I fell head-over-heels in love in Istanbul. With a fish wrap.
Have you ever experienced time-slowing moment? Perhaps you locked eyes with someone on a train and felt a spark that never had the chance to ignite. Maybe you walked into a building and felt the presence of a memory that seemed to belonged to someone else. Call it what you will – coincidence, luck, fate – but I had one of these moments in Istanbul’s Karaköy with balık durum.
The first meal of the trip followed a long-haul flight and preceded an early start. It had to tick the boxes of being quick, nearby and satisfying. A quick Google returned a tiny shop selling balık durum (fish wraps) within walking distance of my hotel, and within seconds of taking that first bite, I knew I’d vividly remember how it looked, tasted and felt for the rest of my life.
It occurred to me that I might have been overreacting, exhausted from travel. But I returned multiple times and each fish wrap was as good as the last. I’ve since had emails and Instagram messages from people who followed me there, reinforcing that time really does slow down when you eat this balık durum.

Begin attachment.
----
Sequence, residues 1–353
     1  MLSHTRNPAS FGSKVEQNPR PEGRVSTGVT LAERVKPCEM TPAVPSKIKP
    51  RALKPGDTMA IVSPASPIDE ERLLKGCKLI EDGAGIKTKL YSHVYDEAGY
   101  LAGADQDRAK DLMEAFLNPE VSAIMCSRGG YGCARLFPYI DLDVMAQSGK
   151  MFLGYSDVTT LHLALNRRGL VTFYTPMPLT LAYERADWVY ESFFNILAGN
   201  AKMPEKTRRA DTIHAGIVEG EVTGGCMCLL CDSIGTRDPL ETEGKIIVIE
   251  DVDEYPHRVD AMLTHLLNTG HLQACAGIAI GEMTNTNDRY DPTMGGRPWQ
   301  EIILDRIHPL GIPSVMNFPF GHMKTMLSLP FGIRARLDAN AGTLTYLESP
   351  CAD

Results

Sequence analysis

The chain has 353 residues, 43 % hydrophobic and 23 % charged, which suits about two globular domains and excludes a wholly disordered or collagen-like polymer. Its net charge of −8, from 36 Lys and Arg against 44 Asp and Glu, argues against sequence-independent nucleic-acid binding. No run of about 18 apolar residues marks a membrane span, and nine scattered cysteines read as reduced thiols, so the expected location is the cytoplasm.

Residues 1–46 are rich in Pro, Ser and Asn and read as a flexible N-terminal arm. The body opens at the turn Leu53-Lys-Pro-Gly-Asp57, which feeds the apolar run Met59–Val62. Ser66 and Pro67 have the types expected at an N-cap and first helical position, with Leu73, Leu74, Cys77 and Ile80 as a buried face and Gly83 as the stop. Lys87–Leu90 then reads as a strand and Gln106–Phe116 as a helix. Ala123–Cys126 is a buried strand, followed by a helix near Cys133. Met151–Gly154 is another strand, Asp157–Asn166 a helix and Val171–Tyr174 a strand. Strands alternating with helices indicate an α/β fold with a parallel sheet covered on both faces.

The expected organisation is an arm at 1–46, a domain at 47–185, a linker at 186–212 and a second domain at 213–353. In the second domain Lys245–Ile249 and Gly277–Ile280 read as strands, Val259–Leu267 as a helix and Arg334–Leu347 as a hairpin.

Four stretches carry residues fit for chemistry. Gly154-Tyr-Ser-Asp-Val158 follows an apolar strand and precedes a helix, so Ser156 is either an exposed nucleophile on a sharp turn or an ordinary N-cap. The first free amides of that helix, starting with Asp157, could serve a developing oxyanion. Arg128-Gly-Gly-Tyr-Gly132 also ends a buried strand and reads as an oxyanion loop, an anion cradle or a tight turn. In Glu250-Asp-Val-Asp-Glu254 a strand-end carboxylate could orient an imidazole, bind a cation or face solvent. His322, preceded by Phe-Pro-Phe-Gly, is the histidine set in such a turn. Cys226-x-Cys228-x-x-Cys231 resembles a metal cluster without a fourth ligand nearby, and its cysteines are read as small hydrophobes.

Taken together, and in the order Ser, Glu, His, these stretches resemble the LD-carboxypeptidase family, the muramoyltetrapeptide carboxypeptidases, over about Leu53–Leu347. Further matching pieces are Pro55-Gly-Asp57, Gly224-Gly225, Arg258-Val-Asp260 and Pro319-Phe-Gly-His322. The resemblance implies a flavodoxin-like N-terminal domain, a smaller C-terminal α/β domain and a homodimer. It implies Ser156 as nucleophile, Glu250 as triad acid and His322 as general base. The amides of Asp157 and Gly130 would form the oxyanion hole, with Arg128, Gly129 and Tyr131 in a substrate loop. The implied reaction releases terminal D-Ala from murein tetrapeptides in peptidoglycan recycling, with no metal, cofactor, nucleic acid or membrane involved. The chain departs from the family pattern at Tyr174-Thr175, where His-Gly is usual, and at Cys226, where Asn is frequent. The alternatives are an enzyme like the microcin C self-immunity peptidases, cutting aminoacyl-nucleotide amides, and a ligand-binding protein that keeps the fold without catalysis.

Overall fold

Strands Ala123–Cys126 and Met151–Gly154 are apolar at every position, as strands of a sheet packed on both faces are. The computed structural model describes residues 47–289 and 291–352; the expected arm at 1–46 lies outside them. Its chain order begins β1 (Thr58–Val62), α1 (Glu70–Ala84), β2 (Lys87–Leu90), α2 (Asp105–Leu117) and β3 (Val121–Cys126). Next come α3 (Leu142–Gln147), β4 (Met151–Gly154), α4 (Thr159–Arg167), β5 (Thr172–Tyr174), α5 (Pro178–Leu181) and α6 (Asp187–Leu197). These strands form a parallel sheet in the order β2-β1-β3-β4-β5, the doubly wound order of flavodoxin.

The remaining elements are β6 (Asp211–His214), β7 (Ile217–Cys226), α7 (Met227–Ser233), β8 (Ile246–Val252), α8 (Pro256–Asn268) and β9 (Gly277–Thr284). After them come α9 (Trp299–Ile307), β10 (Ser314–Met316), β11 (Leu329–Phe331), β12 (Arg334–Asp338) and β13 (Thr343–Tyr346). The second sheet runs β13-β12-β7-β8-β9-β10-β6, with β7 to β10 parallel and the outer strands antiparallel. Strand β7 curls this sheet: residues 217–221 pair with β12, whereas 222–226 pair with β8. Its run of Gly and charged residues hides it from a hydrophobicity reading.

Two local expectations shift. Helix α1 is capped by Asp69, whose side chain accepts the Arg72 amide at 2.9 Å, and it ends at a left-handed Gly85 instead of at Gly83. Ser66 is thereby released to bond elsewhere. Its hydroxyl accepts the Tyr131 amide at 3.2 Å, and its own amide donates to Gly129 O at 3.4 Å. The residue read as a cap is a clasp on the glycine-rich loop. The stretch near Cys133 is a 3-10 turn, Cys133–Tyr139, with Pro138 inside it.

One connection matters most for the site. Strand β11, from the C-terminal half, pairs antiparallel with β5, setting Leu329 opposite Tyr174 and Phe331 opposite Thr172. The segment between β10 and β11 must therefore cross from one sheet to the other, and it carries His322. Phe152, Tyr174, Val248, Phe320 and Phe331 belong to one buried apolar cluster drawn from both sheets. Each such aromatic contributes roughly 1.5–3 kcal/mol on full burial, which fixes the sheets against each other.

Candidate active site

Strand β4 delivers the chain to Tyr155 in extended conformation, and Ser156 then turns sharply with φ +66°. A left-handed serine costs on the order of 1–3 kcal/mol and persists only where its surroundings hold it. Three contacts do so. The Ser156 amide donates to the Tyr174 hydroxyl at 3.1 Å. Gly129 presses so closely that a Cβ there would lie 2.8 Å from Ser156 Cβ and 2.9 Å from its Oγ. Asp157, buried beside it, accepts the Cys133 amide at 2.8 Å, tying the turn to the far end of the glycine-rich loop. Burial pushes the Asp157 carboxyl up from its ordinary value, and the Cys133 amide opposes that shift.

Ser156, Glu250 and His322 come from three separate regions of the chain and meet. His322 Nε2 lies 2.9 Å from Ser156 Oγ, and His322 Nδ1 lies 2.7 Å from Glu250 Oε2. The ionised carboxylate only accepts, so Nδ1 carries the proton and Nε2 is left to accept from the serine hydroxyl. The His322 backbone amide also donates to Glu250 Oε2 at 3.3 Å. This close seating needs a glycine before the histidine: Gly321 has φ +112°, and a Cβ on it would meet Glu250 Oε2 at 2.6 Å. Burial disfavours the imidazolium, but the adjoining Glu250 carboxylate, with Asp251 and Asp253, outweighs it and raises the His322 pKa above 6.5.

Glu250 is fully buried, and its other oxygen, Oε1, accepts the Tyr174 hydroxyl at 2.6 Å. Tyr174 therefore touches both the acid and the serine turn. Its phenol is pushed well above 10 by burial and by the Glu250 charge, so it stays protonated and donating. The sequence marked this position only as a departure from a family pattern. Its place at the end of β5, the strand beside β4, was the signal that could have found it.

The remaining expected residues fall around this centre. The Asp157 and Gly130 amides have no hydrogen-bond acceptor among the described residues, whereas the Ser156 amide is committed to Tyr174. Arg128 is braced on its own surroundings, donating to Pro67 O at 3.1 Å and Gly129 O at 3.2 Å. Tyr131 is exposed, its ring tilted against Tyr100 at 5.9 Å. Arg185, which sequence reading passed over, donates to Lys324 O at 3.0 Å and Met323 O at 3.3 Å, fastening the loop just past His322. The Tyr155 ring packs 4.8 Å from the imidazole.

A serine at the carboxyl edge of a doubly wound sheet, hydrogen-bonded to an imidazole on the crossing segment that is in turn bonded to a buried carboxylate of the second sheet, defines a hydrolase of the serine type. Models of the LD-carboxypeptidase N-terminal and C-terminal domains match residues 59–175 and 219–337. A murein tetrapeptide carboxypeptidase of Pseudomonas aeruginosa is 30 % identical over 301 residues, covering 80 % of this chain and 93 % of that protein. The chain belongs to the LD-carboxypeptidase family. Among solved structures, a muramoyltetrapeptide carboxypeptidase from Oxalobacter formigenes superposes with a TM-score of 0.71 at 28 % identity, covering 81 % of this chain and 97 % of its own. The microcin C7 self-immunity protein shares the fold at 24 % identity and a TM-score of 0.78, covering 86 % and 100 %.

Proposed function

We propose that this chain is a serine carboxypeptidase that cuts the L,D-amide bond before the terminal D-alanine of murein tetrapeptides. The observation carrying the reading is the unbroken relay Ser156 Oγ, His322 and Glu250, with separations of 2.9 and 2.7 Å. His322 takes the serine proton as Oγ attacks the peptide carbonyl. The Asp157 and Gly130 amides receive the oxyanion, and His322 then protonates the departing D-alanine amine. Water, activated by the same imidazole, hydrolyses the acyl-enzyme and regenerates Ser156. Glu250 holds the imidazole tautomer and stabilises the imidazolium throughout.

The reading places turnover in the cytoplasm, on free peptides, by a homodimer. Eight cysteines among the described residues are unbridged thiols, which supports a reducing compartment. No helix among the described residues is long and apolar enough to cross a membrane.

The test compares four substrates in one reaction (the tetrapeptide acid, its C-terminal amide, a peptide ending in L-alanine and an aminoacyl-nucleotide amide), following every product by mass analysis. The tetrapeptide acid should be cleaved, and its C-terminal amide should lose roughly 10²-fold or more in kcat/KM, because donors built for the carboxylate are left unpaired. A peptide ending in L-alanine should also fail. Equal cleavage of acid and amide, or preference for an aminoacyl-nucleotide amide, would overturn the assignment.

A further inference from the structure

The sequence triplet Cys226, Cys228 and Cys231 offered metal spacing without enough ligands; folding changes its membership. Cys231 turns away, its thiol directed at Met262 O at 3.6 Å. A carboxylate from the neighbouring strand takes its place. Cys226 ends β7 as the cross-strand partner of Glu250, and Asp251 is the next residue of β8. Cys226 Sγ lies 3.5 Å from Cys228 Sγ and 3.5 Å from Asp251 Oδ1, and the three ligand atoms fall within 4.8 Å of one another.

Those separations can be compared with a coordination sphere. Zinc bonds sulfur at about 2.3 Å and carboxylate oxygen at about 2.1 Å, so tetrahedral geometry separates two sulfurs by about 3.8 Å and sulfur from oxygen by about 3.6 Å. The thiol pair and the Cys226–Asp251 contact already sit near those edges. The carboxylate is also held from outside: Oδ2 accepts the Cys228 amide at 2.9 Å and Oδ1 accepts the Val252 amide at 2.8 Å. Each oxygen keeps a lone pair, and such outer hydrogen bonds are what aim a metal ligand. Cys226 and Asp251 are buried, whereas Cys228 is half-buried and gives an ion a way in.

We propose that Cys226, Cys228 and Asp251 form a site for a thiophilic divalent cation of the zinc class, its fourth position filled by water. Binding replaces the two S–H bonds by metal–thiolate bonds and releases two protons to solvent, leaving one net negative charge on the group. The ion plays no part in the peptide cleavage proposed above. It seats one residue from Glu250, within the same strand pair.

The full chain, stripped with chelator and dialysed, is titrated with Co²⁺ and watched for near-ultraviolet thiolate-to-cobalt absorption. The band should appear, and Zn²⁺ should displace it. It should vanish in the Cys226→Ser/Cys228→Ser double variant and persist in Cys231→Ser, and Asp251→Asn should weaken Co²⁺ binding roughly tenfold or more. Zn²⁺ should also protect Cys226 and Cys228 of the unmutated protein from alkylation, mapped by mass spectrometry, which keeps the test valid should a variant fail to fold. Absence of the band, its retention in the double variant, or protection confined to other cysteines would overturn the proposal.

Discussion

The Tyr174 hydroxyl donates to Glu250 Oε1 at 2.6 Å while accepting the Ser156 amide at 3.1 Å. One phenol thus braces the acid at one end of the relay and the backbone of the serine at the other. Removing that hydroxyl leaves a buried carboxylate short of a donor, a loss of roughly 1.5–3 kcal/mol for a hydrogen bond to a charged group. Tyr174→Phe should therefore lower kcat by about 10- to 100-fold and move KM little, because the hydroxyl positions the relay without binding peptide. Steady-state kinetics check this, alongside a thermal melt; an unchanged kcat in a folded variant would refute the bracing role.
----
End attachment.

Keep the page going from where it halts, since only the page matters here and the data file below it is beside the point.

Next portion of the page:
That single bite is representative of Istanbul city. It’s hectic, traditional, contemporary and one of the best places in the world to eat street food. A city of contrasts, its 16 million people sit for hours both drinking çay (tea) and stuck in traffic, crossing the Bosphorus Strait from Europe to Asia and back again. Even tourist-friendly, gentrified neighbourhoods still buzz with local life, whether tradesmen eating at lokantas in Karaköy or the market that snakes through Balat’s colourful Instagram-friendly cafes and buildings.
I could wax lyrical about the grandeur and exotic nature of the mosques, markets and squares scattered with street vendors (though I hate the word “exotic” – a better way to look at it is somewhere that makes me feel very far from home in a stomach-tingly, adventure-loving sort of way), but my first and last stop in Istanbul will forever be for that fish wrap.